1. re: JunieB

                          Thanks! If you're interested, Wyebrook does animal butchery classes every so often at the farm, you learn a bit about breaking down the animal (don't worry, it's dead before you start) and they send everyone home with the meat you butcher during the class. They're doing a beef one soon: http://wyebrookfarm.com/classes/.

                          1. re: Buckethead

                            That's very interesting. My grandparents lived on a working farm when I was growing up and I had my fill of slaughtering pigs, cows, and chickens! And they weren't dead until we killed them! I didn't really enjoy it, but one of my favorite things was the sausage my grandmother made. She made the sausage into small patties, cooked them, and then canned them in pint jars - in fat. She also cooked breakfast and lunch every day for the hired hands. Every morning when I stayed with them I awoke to the smell of fried chicken or bacon. The chicken would have been killed that morning.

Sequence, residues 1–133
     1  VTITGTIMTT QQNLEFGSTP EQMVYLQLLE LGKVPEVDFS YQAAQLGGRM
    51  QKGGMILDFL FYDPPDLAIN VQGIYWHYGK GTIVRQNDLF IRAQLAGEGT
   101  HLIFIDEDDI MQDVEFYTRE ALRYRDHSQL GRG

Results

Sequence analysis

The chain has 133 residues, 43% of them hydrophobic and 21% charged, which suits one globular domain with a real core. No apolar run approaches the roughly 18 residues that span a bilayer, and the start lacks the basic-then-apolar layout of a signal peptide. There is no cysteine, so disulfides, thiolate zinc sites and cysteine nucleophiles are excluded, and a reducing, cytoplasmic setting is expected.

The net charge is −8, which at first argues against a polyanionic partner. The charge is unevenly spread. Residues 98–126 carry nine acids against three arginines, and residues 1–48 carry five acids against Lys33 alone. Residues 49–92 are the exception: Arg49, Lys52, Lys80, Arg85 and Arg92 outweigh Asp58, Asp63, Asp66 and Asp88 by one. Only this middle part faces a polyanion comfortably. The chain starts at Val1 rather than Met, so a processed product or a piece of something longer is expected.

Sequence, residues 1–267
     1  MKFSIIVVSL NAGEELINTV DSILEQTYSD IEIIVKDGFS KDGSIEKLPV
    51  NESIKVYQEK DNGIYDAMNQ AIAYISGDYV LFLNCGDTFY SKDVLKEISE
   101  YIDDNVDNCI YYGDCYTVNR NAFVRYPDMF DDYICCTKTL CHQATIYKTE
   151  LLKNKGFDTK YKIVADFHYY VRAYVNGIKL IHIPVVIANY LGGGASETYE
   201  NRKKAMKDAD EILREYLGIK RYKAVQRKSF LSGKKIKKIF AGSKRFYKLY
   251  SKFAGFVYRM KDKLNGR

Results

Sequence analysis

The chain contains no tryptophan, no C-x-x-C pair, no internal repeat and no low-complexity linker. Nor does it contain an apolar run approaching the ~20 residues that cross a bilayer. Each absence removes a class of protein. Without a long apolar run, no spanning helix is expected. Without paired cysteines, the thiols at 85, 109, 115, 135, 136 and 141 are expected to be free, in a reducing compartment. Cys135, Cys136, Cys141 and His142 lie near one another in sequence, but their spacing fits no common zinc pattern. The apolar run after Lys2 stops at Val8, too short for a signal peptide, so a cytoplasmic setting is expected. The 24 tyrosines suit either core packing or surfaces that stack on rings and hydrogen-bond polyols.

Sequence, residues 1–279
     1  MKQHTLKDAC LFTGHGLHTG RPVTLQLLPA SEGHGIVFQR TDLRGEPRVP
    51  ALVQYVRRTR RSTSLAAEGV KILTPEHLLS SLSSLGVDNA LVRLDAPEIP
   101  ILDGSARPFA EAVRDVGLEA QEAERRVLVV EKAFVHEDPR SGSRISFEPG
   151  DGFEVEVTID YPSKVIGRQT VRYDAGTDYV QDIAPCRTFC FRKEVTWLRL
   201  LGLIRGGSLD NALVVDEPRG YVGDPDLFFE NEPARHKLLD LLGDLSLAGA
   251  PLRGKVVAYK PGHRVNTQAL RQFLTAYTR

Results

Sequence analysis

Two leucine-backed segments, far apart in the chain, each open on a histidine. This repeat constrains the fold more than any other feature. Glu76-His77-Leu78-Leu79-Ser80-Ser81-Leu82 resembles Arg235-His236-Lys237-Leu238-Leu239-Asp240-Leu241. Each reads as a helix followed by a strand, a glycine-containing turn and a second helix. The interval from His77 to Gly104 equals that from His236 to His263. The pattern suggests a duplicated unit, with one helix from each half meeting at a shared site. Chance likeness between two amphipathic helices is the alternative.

I do, however, think I will go to one of those meat stores I recently found out about (or to Wyebrook or some other farm) and buy a package of various meats for the freezer. I find that very handy.

                          2. re: JunieB

                            I've got a local meat source for you: M&B Farms does a drop-off at Primex every other Saturday. They are corn, soy and chemical free. They have poultry, pork, beef. I think you can pre-order or just show up and see what is on the truck.

                            Here's a link to their Facebook page: https://www.facebook.com/mary.hill.775

                            And website: https://www.facebook.com/mary.hill.775

                          3. re: Bigley9